• Punch-Out!! has a fair few characters that have evolved over the years, the most notable being Aran Ryan. In the SNES game, he was a bland palette swap of Pizza Pasta who fought by the rules. In the Wii game, he's a complete lunatic who threatens Mac, the referee and the audience. He breaks just about every rule of boxing, from using his elbows to loading his gloves with horseshoes to tying a rope to one of said horseshoe gloves and using it as a flail.
  • In Raiden and its sequels, the red Raiden (1P) and blue Raiden (2P) play identically except in Raiden DX, in which the two ships differ in which axis they move faster along (Red is faster vertically, Blue is faster horizontally). In Raiden Fighters, the two ships are significantly different; the red Raiden (Raiden mk-II) uses the toothpaste laser and a delayed-detonation bomb for its weapons, while the blue one (Raiden mk-II Beta) uses missiles, spread shots with no rapid-fire capability, and a weak cluster bomb.
  • In Rhythm Heaven for the GBA, the Space Dancers and Cosmo Dancers were interchangeable, the Cosmo Dancers only representing a higher difficulty level. In the DS version, both sets of dancers received minor redesigns and hobbies, with the Space Dancers being the focus of the Rhythm Rally games and the Cosmo Dancers being the focus of the Space Soccer games.
  • Happens in the Sengoku Basara series with Matsu and Kasuga. Both formerly used Kenshin and Sasuke's movesets before gaining their own in the second game. Similarly, a few NPCs who used polearms merely had copies of either Toshie or Shingen's movesets before actually getting their own.
  • Sonic the Hedgehog:
    • In Sonic the Hedgehog 2, Sonic and Tails played the same way. Starting with Sonic the Hedgehog 3, Tails was given his own play style (he is unable to use the shield power-ups as double jumps, but gains a limited flying ability). Tails' play style has gotten to the point of being unrecognizable in some of the more recent games, most memorably walking in a mecha in Sonic Adventure 2.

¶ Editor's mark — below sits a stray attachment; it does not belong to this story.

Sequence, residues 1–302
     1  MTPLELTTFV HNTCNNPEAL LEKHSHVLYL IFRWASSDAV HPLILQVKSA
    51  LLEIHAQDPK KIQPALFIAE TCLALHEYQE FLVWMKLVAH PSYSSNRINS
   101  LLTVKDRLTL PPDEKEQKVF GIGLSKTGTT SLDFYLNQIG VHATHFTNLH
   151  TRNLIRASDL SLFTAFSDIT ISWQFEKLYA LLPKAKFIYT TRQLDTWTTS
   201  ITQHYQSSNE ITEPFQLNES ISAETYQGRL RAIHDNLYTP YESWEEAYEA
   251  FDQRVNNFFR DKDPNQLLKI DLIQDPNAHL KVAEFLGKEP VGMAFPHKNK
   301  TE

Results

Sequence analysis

• Also, Shadow in Sonic the Hedgehog (2006). His techniques went from being very similar to Sonic in Sonic Adventure 2 and Sonic Heroes to a different style. However, the fact that he became slower could raise different questions.
    • Sonic Generations has a variation involving stages. Seaside Hill was originally a complete throwback to Green Hill Zone, having palm trees and checkered soil, but since Green Hill Zone has reappeared playing up those elements, Seaside Hill in Generations plays up the ruins and water aspect more and even adding underwater elements.
    • Amy was originally a spunky but sweet girl. After Cream was introduced in Sonic Advance 2 less focus was put on Amy being The Heart and more emphasis was put on her spunk and attitude. This ended up flanderizing her into being more a temperamental Bratty Half-Pint than she originally was. Cream took over as the sweet little girl of the franchise. With time this was reversed. After Sonic Generations more emphasis was put on Amy's nice side and her energy was dialed down, while Cream was Demoted to Extra.
    • When reintroduced in Sonic Generations, Classic Sonic was simply Sonic as a child. By Sonic Forces he is a completely separate Sonic from a parallel dimension. He's also differentiated from his Modern design by being a Heroic Mime.
  • Soul Series:
    • Siegfried and Nightmare had their movesets almost entirely differentiated in III after being nearly identical in the first game and different costumes for the same character in the second.
    • In III, Amy (making her debut as a playable character), Li Long and Hwang Seong-Gyeong (returning) had the generic create-a-character Rapier, Nunchaku and Chinese Sword movesets; thus they had far fewer moves than normal characters, were largely semi clones of Raphael, Maxi, and Yun-Seong, respectively, and aside from Hwang had no side throws. In SCIII: Arcade Edition, the three were shifted into more intricate arcade-worthy characters. This served as the last time that Li Long and Hwang were playable, while the loss of the create-a-character specific weapon disciplines in IV meant that Amy had nothing to be compared to.
      • Zig-zagging the trope, Li Long and Hwang's appearances in Soulcalibur IV and Broken Destiny's Quick Match mode have them use the same moves as their replacements Maxi and Yun-seong respectively.
    • As an inversion, because the create-a-character classes were different enough from the originals for them to be missed in Soulcalibur IV/V's create-a-modes. Many fans of III were pissed that their characters had to fight the exact same way as the main cast.